Iowa’s famed RAGBRAI did not happen this year in its usual form, but it did not stop RAGBRAI teams from pulling on their jerseys and shorts and riding the paved bike trails in SE Minnesota.
This past week over 100 bike riders gathered in Fillmore County to ride the trail along the scenic Root River.
The pseud-RAGBRAI earned the name FAKEBRAI for obvious reasons. RAGBRAI teams already had the week off before the pandemic forced organizers to cancel the 48th annual ride across Iowa, so the teams decided to spend the week together riding and having fun enjoying each other’s company and the scenic beauty of SE Minnesota.
2020 high school graduates, Joshua Forbes and Mike Early, from St. Louis, Mo., shared their thoughts. Forbes blurted out that “nature is beautiful,” and Early followed up by stating that “this is my first time in Minnesota, and it is so beautiful. I will be back.”
Forbes and Early, members of Team Matilda, spent 7 1/2 hours on the road to ride in the first FAKEBRAI. Forbes has ridden RAGBRAI six years, not including this year and Early rode RAGBRAI for the first time last year.
Teams began arriving this past weekend and set up camp at area campgrounds along the Root River. It was easy to find the FAKEBRAI campsites thanks to the colorful pop-up tents and customized RAGBRAI busses.
Team busses are a sight to see, but more so if you are not familiar with RAGBRAI. Personalized busses accommodate the needs of team members and represent the personalities of each team while providing support to team members during the day.
Team Stupid II offered a tour of their he-bus. Stepping into the prison-dark grey colored bus with dark-colored windows was like stepping into a locker room. Black curtains blocked out the sunlight, cold air conditioning, and thick mattresses allowed the five men to sleep comfortably during the day. The back of the bus allows for plenty of space for a cooler stocked with cans of a refreshing beverages, and next to the cooler is a counter for blending liquid meals.
Bikers hit the trails Sunday morning with teams heading in either direction with stops at local businesses. Over the next couple of days, teams headed out in the opposite direction, meeting up with other teams in towns along the Trail.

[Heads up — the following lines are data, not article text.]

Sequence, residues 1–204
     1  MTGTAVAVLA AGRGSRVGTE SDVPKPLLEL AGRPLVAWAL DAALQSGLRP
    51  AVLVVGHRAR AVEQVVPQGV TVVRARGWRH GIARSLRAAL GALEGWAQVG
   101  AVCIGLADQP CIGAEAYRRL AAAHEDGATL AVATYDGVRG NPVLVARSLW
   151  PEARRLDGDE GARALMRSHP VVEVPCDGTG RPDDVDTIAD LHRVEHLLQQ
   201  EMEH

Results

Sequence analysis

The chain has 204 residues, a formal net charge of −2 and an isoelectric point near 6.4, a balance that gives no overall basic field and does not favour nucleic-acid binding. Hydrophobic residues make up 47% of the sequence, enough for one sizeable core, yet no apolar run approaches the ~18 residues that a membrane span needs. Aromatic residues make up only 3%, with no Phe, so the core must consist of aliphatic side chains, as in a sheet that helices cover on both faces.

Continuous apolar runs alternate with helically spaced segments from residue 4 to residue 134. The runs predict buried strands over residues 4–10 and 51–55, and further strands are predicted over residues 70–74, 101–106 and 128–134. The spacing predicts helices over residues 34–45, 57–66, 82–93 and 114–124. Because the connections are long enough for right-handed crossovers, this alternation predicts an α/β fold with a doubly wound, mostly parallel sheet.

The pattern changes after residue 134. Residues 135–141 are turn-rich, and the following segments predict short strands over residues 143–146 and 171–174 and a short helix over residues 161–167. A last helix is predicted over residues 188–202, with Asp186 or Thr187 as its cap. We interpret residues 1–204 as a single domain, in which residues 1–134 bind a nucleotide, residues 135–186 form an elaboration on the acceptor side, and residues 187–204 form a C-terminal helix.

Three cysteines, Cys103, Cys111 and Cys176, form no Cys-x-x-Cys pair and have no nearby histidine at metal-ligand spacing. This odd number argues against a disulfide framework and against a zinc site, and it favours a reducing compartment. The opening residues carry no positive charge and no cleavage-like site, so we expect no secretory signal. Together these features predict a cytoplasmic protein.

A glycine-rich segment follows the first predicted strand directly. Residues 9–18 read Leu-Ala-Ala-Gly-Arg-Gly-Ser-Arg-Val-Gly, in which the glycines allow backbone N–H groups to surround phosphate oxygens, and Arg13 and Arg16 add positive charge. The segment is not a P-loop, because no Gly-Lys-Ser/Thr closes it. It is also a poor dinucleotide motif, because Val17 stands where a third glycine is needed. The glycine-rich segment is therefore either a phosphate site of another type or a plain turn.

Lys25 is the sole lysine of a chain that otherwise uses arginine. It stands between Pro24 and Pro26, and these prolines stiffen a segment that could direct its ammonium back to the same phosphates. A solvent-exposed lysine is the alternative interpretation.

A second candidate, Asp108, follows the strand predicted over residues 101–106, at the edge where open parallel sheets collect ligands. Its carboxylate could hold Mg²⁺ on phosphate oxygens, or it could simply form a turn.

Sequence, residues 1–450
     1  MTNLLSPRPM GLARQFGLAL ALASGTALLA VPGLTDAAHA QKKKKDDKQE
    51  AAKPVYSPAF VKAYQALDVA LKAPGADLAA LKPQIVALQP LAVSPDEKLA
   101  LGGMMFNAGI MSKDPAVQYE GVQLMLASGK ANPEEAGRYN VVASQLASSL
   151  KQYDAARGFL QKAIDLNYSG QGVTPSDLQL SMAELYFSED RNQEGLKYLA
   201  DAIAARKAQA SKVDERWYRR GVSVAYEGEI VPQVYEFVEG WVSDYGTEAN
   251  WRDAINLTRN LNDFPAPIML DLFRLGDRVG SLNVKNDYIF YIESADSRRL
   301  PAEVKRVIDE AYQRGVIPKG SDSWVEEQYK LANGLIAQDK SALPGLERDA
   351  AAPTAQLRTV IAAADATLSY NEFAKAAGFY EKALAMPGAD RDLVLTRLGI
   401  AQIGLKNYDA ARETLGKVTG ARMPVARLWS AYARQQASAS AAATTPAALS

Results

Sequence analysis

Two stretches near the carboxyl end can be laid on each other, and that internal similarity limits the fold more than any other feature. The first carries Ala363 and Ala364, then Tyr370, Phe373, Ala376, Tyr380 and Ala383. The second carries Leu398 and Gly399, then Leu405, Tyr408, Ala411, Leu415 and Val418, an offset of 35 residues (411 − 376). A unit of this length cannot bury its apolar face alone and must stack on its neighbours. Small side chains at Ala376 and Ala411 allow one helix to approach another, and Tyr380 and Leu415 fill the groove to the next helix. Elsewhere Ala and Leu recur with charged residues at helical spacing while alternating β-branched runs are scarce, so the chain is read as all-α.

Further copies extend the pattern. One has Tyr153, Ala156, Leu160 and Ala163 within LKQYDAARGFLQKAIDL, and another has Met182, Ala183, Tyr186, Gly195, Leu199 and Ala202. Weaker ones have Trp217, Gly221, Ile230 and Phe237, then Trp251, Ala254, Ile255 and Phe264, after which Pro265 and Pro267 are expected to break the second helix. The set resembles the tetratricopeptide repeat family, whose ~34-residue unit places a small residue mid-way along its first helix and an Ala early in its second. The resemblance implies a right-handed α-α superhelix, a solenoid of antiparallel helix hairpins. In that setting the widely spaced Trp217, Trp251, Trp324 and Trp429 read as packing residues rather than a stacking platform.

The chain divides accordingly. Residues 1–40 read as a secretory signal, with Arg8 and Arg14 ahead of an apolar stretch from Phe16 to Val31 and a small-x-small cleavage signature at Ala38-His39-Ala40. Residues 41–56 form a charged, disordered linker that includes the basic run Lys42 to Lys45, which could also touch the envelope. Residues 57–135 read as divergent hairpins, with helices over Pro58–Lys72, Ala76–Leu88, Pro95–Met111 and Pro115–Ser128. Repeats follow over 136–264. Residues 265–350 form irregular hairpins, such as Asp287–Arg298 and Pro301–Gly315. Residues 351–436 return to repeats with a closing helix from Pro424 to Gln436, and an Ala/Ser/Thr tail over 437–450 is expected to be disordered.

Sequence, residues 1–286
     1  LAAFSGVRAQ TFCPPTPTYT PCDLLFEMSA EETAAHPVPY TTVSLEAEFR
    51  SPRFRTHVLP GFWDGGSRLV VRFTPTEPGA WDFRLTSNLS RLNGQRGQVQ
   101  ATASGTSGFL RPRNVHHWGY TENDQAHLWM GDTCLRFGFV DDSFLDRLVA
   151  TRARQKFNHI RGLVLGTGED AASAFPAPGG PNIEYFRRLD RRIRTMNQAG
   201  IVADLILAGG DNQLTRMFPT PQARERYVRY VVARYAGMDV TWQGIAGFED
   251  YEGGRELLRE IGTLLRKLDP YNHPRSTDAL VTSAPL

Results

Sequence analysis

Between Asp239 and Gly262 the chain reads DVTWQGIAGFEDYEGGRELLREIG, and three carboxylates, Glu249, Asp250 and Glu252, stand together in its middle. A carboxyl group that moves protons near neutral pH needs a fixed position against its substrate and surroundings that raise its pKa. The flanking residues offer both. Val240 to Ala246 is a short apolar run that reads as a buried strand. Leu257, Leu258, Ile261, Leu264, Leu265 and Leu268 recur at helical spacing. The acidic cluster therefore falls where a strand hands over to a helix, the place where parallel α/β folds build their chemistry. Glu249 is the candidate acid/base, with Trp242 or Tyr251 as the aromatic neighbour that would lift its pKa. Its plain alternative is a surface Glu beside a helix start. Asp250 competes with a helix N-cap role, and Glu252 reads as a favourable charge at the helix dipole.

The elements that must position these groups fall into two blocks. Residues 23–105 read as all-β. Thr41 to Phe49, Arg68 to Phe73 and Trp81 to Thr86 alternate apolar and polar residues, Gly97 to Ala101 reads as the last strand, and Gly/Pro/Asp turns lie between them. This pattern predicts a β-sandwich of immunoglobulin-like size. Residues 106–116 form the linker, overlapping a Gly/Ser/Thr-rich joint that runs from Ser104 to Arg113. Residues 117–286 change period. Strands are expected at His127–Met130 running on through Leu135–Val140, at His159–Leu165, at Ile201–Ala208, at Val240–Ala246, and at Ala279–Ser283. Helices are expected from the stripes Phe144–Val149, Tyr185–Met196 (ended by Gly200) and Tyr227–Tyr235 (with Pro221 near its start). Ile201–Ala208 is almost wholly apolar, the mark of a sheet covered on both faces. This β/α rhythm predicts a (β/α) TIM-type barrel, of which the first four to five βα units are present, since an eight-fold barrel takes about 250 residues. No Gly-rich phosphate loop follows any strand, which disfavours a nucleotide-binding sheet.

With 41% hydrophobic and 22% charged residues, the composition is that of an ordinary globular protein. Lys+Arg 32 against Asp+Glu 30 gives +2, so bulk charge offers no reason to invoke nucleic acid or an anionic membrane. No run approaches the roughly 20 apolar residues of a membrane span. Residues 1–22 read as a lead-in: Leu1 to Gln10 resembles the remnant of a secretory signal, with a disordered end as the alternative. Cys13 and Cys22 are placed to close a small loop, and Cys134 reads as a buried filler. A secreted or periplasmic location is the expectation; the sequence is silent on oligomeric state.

RAGBRAI riders are known for their outgoing personalities, and the riders on FAKEBRAI proved to be just as friendly. Patrick Clem and Julie Scebold were enjoying the beautiful weather in Peterson and graciously answered questions and posed for photos. The couple from Nevada, Iowa, are members of Team Kamikaze and this is the first time they have ridden the Root River Bike Trail. (P.S. The couple is engaged and plan on getting married next year. Congratulations!) Maybe they will honeymoon in southeast Minnesota.
The rest of Team Kamikaze was found enjoying lunch at Stumpy’s in Rushford. Team members sitting outside included former Mabel resident Nathan Manning, now from Des Moines, and his cohorts Joe Wiese and Kala Anderson, also from Des Moines. Team Kamikaze’s founder has been riding in RAGBRAI for 20 years. Manning and Wiese were not sure exactly how many members the team has but estimate it is between 30-50 members. At that moment, the team walked out of Stumpy’s, and it looked like almost all the members are riding on the first FAKEBRAI.
FAKEBRAI riders were not the only bikers on the trail. Jim and Carla Janssen of Waverly, Iowa, stopped in front of Shawnee’s Bar & Grill in downtown Rushford offered advice on where to find the FAKEBRAI teams. The Janssens shared that they had never ridden RAGBRAI, but one would assume they had ridden RAGBRAI and were part of the pseud-RAGBRAI because they were as friendly and as helpful as the FAKEBRAI teams.
According the the RAGBRAI website, ragbrai.com, it all started when a few friends got together for a casual bike ride across Iowa in 1973 and each year has grown. They now limit the number of riders to 8,500. The next ride, RAGBRAI XLVIII, is scheduled for July 25-31, 2021.